Single mom in crisis mode

Written by
Damian Dunn

I need help! I am a single mom with two jobs, probably the worst credit in the world and zero money saved in either my bank account or retirement. Money got extremely tight recently and closed out my retirement account to pay the bills and put food on the table. I have been giving myself the face-palm ever since. I don't know what to try to fix first or how to do it so I don't feel so overwhelmed. Any advice/help would be sooo very appreciated! Thank you!


We’ve all faced times when it seems the only sane thing we can do is something we know, deep down inside, is going to make us face-palm later. And then we do it anyway. I don’t say this to minimize the struggles you’ve experienced recently, but rather to encourage you. You’re not the only person that’s faced seemingly impossible decisions with choices ranging from unreasonable to unbearable. You made your choice, good, bad, or otherwise. Now, you move on.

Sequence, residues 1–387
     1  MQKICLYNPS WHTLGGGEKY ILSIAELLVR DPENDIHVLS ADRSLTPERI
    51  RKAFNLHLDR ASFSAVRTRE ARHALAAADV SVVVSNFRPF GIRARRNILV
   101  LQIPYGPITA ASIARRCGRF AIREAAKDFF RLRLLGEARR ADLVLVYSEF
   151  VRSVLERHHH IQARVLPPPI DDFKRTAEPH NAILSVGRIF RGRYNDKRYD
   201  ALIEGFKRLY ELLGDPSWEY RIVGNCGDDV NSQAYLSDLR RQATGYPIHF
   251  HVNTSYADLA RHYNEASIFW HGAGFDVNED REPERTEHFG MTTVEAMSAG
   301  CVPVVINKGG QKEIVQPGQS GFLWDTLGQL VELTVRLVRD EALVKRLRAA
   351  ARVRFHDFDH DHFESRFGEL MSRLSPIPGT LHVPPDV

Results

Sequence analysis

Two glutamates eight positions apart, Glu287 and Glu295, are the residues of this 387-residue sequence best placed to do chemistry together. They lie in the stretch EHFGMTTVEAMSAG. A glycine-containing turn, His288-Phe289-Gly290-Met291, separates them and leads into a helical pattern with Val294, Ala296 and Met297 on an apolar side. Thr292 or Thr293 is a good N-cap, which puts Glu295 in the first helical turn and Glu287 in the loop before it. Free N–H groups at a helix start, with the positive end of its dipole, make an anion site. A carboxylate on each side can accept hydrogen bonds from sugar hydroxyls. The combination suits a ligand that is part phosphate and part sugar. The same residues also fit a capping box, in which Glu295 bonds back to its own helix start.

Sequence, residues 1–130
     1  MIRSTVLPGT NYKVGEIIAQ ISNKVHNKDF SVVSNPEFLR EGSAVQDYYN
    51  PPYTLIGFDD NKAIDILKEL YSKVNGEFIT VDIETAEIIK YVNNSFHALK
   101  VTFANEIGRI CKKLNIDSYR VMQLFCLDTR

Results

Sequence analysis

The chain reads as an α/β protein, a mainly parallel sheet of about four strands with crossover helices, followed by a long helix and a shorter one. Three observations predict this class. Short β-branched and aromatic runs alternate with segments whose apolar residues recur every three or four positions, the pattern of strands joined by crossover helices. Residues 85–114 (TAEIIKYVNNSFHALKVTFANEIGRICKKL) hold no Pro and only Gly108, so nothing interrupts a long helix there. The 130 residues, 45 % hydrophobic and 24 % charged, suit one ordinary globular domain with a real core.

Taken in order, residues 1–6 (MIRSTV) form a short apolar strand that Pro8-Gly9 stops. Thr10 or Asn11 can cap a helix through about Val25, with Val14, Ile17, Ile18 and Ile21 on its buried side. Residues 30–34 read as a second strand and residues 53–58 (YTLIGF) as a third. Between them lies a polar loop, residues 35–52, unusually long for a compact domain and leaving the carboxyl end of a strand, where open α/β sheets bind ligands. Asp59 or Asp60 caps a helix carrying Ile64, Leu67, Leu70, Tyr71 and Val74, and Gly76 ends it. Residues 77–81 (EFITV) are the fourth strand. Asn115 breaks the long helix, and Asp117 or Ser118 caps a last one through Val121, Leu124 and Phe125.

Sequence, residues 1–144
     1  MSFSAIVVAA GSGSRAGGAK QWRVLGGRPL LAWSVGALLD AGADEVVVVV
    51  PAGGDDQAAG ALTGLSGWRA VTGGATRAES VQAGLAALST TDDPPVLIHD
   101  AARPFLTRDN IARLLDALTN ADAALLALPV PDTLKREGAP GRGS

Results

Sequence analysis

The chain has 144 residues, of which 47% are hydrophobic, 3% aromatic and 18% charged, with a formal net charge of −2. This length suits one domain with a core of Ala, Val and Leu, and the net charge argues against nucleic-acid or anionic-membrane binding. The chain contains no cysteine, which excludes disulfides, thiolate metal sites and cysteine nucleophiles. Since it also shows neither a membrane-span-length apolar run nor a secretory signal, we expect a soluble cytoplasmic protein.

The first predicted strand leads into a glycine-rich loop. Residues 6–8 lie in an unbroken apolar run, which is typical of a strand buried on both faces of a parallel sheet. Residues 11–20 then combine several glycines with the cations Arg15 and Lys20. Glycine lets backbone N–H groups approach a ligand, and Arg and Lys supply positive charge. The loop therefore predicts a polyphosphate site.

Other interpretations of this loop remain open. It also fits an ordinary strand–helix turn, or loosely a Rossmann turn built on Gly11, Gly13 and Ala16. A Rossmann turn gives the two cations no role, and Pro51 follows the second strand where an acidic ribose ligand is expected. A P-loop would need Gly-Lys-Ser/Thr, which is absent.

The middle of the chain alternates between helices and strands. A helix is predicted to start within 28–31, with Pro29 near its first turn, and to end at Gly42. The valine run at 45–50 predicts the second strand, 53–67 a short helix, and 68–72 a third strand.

Based on what you shared with me, I feel pretty safe guessing you’d give yourself a 9 or 10 on a 1-10 scale of how stressed you are about your financial situation. What I hope to do by the end of this message is to give you a plan of action and hope. I want to reduce your stress level by giving you things you can work on and succeed at. As the stress level comes down, you’ll be able to keep more balls in the air. But for now, we’ll focus on one thing at a time. Ready?

In your own words, you’re a single mom that’s working two gigs and has no resources that give you some breathing room when life happens. That’s what we’ve got to change first. You need to know that you’ve got some cushion when the unexpected decides it’s time for a visit. Major car repairs, emergency medical visits, insurance deductibles, etc... All things that might not be planned on in the course of day-to-day life, but need to happen in order for us to keep going. You need to have a pool of money, a buffer, to use in these instances. This leads us to:

Goal 1: Save $100 in the next 30 days.

I know there are some readers thinking, “$100?! What’s that going to do?” I’ll tell you. It’s going to give this woman a win. She’s going to do it and get her momentum headed in the right direction. She’ll snowball that momentum into bigger and more long-term goals, and it will have all started with $100.